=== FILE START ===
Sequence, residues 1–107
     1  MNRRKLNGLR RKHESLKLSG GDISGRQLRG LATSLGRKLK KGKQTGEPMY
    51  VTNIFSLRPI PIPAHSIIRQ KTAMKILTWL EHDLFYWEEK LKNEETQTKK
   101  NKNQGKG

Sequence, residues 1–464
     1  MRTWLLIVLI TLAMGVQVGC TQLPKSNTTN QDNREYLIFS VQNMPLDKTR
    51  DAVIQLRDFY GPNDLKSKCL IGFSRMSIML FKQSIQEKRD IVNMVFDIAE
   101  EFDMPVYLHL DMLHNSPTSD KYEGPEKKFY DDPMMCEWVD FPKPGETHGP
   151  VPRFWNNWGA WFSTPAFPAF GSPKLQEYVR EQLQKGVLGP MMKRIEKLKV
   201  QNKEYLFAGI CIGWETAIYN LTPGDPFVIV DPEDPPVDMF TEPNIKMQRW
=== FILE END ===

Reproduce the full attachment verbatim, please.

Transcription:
Sequence, residues 1–107
     1  MNRRKLNGLR RKHESLKLSG GDISGRQLRG LATSLGRKLK KGKQTGEPMY
    51  VTNIFSLRPI PIPAHSIIRQ KTAMKILTWL EHDLFYWEEK LKNEETQTKK
   101  NKNQGKG

Sequence, residues 1–464
     1  MRTWLLIVLI TLAMGVQVGC TQLPKSNTTN QDNREYLIFS VQNMPLDKTR
    51  DAVIQLRDFY GPNDLKSKCL IGFSRMSIML FKQSIQEKRD IVNMVFDIAE
   101  EFDMPVYLHL DMLHNSPTSD KYEGPEKKFY DDPMMCEWVD FPKPGETHGP
   151  VPRFWNNWGA WFSTPAFPAF GSPKLQEYVR EQLQKGVLGP MMKRIEKLKV
   201  QNKEYLFAGI CIGWETAIYN LTPGDPFVIV DPEDPPVDMF TEPNIKMQRW